by Jesse Austin, with thanks to Tearaway.

Now that you have prepared your songs to be tracked and are ready to record your first single, you need to be aware of what to do in the studio and how to make the best use of your time.

Studios can end up costing a lot of money, so it is important to be as efficient as possible. This can sometimes be difficult when you aren’t too sure what will happen or what you want. Here are a few tips to think about before you head in for your session.

Be Organised
Have it all sorted before you arrive. Know your parts, make sure your gear all works and you have back ups, know how to communicate what you want. Time is limited, so it is important that there is nothing that could hold you up.

Listen To The Engineer
They have been doing their job for a long time, and chances are they will have some good ideas about how to record you and/or your band. Make sure you are open to their direction in terms of recording, but also about changes they may suggest to your song. In saying that, be confident in your ideas, and remember that you don’t have to go with the engineers suggestions.

This is one of the most important parts of the recording experience. If you mess this up, it can harm the whole product. While engineers can edit until the cows come home, there is only so much you can do with bad takes. Make sure you are tight before recording, so that your takes are on point. Bare in mind that it is important to be in the right head space for recording, to not only capture a good take, but to also capture the vibe of the performance.

Mixing is the process of fitting all of the sounds together. How much you compress the vocals, how much reverb you have on the snare, how loud the synth is. All of these sounds are fitted together in the mixing stage, so make sure you have some say in the process. Sometimes mixing may be done during your recording session, sometimes after you have left and sometimes you might have to pay extra for it. Make sure to find this stuff out before you part with your cash.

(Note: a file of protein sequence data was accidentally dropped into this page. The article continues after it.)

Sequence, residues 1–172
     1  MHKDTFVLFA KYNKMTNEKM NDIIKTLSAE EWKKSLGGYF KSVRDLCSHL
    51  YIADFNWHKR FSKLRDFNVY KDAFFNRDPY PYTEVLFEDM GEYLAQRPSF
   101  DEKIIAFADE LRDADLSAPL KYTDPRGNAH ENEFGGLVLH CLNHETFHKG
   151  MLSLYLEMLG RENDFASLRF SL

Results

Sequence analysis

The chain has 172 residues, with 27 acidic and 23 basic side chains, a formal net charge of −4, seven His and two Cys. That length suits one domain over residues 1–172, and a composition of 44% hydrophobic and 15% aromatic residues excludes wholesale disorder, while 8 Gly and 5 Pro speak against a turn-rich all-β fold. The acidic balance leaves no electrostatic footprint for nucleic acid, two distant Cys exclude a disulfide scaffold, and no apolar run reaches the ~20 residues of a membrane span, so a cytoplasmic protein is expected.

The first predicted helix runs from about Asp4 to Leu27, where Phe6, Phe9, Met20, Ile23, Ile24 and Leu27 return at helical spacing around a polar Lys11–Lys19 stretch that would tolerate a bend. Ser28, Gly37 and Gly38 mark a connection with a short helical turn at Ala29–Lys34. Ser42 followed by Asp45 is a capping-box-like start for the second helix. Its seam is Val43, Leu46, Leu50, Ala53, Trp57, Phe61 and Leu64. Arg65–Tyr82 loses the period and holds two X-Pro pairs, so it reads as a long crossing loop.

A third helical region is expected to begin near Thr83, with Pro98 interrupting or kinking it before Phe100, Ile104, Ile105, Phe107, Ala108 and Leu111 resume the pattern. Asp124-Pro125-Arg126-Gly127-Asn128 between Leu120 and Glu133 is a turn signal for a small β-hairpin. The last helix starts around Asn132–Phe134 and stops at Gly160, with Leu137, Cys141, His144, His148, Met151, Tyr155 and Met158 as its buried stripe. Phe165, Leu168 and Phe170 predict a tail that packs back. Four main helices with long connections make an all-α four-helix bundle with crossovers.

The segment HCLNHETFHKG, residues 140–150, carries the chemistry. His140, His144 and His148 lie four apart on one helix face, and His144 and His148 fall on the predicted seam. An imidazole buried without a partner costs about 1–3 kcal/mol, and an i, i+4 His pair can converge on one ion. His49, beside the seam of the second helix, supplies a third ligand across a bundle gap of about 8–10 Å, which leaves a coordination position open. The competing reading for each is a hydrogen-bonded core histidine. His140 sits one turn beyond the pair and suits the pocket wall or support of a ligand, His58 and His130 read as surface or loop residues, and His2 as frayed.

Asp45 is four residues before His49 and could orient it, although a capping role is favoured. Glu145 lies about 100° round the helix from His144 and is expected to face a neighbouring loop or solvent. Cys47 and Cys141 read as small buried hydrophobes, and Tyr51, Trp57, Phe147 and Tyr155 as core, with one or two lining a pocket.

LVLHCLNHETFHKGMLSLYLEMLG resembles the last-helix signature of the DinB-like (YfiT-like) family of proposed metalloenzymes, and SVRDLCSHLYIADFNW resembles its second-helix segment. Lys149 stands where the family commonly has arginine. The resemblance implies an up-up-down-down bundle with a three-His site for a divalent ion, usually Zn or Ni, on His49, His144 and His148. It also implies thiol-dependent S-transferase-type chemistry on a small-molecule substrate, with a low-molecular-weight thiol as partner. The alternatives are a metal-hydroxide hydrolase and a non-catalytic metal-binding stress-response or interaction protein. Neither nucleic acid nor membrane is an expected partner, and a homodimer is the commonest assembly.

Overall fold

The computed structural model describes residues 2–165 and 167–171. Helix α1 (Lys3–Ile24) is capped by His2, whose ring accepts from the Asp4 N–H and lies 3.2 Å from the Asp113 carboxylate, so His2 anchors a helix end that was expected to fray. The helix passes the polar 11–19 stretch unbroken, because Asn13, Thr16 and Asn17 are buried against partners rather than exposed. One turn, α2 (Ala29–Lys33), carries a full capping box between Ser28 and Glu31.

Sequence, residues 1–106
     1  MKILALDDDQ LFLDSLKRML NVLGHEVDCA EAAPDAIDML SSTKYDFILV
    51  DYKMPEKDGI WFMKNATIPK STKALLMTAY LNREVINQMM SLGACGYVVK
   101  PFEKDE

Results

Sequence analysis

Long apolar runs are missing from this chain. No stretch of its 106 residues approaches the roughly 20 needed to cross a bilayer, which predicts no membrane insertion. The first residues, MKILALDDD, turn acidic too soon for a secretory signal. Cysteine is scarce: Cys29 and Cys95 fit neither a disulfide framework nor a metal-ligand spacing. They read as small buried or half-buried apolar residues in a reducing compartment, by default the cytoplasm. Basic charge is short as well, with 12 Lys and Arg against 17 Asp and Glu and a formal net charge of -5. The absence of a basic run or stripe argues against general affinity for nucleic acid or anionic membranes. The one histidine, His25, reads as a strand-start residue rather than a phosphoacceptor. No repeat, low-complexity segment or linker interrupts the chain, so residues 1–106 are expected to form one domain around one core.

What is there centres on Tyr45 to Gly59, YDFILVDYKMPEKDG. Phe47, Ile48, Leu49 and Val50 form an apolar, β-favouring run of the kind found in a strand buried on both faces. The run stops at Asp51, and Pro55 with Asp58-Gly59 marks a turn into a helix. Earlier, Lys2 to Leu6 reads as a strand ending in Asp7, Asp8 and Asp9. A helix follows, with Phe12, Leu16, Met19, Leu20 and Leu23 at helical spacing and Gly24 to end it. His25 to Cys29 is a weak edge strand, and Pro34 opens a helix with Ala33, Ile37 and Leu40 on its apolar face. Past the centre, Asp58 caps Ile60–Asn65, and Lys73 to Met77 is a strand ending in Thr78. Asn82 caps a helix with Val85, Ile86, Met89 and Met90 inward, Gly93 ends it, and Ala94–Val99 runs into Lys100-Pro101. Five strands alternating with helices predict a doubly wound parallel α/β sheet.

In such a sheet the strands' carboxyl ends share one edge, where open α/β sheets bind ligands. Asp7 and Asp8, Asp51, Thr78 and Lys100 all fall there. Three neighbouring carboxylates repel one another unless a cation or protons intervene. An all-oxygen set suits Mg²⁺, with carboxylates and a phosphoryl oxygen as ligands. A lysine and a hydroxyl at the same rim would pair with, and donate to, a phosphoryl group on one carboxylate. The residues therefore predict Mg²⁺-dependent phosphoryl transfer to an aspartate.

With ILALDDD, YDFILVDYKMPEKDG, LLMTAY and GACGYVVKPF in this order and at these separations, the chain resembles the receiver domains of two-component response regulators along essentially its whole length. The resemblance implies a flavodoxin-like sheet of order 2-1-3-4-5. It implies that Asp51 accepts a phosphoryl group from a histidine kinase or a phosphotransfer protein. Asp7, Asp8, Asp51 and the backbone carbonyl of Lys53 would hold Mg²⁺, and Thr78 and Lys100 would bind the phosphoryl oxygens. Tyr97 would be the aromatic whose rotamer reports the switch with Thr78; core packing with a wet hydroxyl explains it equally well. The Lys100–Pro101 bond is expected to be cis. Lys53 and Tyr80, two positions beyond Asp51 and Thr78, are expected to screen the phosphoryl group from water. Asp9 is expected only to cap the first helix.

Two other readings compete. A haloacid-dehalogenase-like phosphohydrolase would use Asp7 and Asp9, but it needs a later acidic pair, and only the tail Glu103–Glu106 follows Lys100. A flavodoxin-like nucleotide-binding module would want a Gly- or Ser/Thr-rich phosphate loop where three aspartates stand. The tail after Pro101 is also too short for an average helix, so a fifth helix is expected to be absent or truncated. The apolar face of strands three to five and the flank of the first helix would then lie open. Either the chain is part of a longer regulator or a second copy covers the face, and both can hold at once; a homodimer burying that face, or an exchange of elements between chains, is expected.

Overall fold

This is the most confusing stage of getting a finished product. Most tracks will have EQ and compression added to the overall song to give it a bit more bite and volume. It is usually recommended to get a specific mastering engineer for the job, but a lot of the time, your engineer may give you a rough master you are happy with.

Recording can be daunting the first time you do it, but hopefully these tips will make you more comfortable. Past Smokefreerockquest winner and Justin Bieber producer Taste Nasa (Leroy Clampitt) says ‘Recording music is 50% about capturing the sound, and 50% about capturing the feeling. Everyone involved should place importance on creating nice energy in the recording studio so whoever is recording can feed off it. Listeners may not necessarily hear the difference, but they’ll feel it.’

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